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The India Art Fair, one of the most prestigious art shows in the country, takes place in New Delhi every year. It’s the go-to place for tracking the fast developing art scene, not just in India, but in the entire South Asian region. This year, the Art Fair took place between February 9 and 12 and these are some of the best works that were on display.
Sudipta Das is a fourth-generation Bangladeshi migrant in India and in her installation, A Soaring to Nowhere, she reflects upon the displacement of refugees though figures which are suspended in the air. These dangling shapes also represent the unending voyages of those who are cast out of their native lands.
In these series of paintings by Pakistani artist, Imran Qureshi, the colour red mimics blood depicting the troubled state of his home country. But the finely drawn petals, inspired by his training in the traditional medium of miniature painting, are evocative of a garden. Qureshi likes to call the flowers ‘germs of hope’ who stand firm even in the face of turbulence.
In his experimental work, Nandan Ghiya raises the question of identity in a fast globalizing world where the onslaught of technology is inevitable. Using vintage photographs as a base, he carefully distorts them by removing the faces and pixelating them. The artist says that his work represents a period of dystopian transition where glitches often take place and the future is uncertain.
This ceramic sculpture is from Madhvi Subrahmanian’s installation series titled Mappa Mundi. The sculptures are her version of the medieval European maps also called Mappa Mundi. The circular sculptures marked with lines mimic the routes shown on Google Maps as the artist explores the disconnectedness of the urban environment with nature. It’s as if we only look for landmarks and signs while people are nudged into the background.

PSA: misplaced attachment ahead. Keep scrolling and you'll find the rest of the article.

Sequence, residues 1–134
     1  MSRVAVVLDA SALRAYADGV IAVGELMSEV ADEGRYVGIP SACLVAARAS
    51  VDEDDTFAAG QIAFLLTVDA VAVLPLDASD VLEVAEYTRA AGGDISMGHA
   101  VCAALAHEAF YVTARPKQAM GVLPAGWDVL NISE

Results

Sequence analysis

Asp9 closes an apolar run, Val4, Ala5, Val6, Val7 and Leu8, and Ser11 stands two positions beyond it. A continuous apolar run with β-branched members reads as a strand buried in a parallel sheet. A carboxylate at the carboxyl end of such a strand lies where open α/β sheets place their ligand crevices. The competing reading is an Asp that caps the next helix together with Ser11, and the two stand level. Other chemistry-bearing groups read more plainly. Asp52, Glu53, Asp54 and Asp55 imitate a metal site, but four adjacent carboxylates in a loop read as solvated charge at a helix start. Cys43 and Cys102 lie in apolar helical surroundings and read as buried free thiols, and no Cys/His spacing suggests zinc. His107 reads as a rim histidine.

The encroachment on the ecosphere caused by human civilization is a theme that constantly appears in Jayashree Chakravarty’s works. The unrestrained destruction of nature resulting from incessant human avarice is portrayed by Chakravarty in fluid images, which almost look like sketches done by ancient cave painters.
This installation by Hema Upadhyay, who passed away in 2015, invites the viewer into an interior space measuring eight by 12 feet, which is the size of an average house in the Dharavi slum area in Mumbai. The three adjoining walls and ceiling present an aerial view of the slum, with models of tin houses created from aluminum sheets, car scraps, enamel paint, tarpaulins, pieces of metal and found objects.
Jeong Deokhyeon’s work was exhibited at the Indian Art Fair in 2018 as part of the Korean Cultural Centre India’s showcase of a young generation of artists from South Korea. His work represents our degenerate society and stifling human relationships through everyday objects like nails, books, sewing machines, ladders and more.
This performative audio-visual installation by Zoya Siddiqui tries to understand the dissonance between space, time and the physical body. Titled Loop, the installation shows a recorded performance that plays nonstop trying to distinguish space and time inhabited by the viewer from the performing body.
For this work, titled 1000 Attempts at a Reconciliation, Timothy Hyunsoo Lee transfers 1000 sheets of 24 karat gold leaves onto a painted blue surface. Lee’s inspiration was the folklore of the 1000 cranes popular in Korea, China and Japan, which states that folding 1000 paper cranes will allow an individual to realize one wish.